Credit Constraints in the Market for Consumer Durables: Evidence from Micro Data on Car Loans
We investigate the empirical significance of borrowing constraints in the market for consumer loans. We set up a theoretical model of consumer loan demand, which in the presence of credit rationing implies restrictions on the elasticities of loan demand with respect to the interest rate and the maturity of the loan. We estimate these elasticities and test the theoretical implications using micro data from the Consumer Expenditure Survey (1984-1995) on auto loan contracts. The econometric specification that we employ accounts for important features of the data: selection, censoring, and simultaneity. Our results suggest that credit constraints are binding for some groups in the population, in particular for young and low-income households.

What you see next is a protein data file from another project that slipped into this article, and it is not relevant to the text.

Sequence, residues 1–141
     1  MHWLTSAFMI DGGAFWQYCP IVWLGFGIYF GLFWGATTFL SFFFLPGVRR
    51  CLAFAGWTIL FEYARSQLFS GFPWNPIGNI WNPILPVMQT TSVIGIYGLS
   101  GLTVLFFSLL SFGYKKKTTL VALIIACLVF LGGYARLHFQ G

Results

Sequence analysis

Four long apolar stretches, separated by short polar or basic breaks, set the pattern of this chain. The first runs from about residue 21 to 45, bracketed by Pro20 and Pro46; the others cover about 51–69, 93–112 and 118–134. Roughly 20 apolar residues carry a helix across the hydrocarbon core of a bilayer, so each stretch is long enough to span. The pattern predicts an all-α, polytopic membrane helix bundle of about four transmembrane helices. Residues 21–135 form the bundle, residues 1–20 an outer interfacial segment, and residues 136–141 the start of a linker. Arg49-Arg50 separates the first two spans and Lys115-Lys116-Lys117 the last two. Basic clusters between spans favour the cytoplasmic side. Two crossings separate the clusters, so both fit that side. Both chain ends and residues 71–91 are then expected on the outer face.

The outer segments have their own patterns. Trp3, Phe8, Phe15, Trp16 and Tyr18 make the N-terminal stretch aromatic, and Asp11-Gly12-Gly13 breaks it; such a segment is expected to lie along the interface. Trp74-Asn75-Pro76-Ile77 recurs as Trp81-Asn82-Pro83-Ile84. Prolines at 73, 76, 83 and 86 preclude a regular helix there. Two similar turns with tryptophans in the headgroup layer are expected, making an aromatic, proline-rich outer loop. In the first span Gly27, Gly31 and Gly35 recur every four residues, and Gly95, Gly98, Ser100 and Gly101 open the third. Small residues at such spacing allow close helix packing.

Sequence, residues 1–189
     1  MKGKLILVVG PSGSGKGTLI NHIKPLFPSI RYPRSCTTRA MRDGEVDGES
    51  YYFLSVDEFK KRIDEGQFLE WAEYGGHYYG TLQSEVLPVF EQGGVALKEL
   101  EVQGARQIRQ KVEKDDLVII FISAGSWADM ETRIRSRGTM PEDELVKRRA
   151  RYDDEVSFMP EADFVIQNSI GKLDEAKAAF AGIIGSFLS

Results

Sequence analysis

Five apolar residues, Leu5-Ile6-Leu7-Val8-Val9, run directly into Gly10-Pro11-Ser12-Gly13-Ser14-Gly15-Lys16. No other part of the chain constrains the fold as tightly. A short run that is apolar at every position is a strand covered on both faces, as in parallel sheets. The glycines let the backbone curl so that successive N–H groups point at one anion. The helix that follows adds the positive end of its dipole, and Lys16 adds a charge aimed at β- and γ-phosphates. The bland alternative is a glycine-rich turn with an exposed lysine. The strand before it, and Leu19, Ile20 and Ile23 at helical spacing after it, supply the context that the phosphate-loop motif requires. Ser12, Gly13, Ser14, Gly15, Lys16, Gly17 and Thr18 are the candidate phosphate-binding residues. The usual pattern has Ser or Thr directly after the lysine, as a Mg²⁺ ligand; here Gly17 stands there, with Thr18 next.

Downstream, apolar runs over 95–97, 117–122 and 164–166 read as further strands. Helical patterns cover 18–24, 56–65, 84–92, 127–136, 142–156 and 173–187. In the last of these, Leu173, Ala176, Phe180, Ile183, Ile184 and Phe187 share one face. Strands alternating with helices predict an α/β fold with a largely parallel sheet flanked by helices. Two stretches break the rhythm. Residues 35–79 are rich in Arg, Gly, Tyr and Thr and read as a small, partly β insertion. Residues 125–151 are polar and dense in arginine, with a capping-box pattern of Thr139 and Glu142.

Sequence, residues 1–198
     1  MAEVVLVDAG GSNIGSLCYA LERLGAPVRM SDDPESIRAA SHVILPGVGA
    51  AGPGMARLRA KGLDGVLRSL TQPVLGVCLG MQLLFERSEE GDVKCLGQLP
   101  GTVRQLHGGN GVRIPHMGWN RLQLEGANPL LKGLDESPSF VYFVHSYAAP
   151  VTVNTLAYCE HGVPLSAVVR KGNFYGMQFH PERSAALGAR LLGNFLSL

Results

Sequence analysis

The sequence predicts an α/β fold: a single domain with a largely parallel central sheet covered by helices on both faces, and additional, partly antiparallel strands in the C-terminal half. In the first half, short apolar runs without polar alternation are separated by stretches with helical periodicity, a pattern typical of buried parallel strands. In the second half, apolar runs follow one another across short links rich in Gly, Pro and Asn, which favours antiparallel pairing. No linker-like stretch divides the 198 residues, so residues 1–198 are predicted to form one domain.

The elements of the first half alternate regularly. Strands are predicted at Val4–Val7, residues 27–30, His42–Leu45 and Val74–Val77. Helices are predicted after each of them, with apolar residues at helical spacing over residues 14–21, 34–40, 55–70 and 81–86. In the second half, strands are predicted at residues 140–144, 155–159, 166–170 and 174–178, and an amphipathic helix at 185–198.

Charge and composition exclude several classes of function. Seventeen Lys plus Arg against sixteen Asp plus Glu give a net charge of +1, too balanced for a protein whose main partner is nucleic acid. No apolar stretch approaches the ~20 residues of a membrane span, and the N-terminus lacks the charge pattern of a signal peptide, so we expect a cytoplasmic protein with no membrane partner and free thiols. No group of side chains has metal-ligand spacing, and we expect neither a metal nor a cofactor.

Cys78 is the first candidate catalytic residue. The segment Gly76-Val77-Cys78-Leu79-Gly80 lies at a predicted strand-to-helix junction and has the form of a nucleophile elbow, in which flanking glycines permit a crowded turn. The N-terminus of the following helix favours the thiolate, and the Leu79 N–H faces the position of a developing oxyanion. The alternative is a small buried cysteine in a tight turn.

Orazio P. Attanasio & Pinelopi Koujianou Goldberg & Ekaterini Kyriazidou, 2008. "Credit Constraints In The Market For Consumer Durables: Evidence From Micro Data On Car Loans," International Economic Review, Department of Economics, University of Pennsylvania and Osaka University Institute of Social and Economic Research Association, vol. 49(2), pages 401-436, 05. citation courtesy of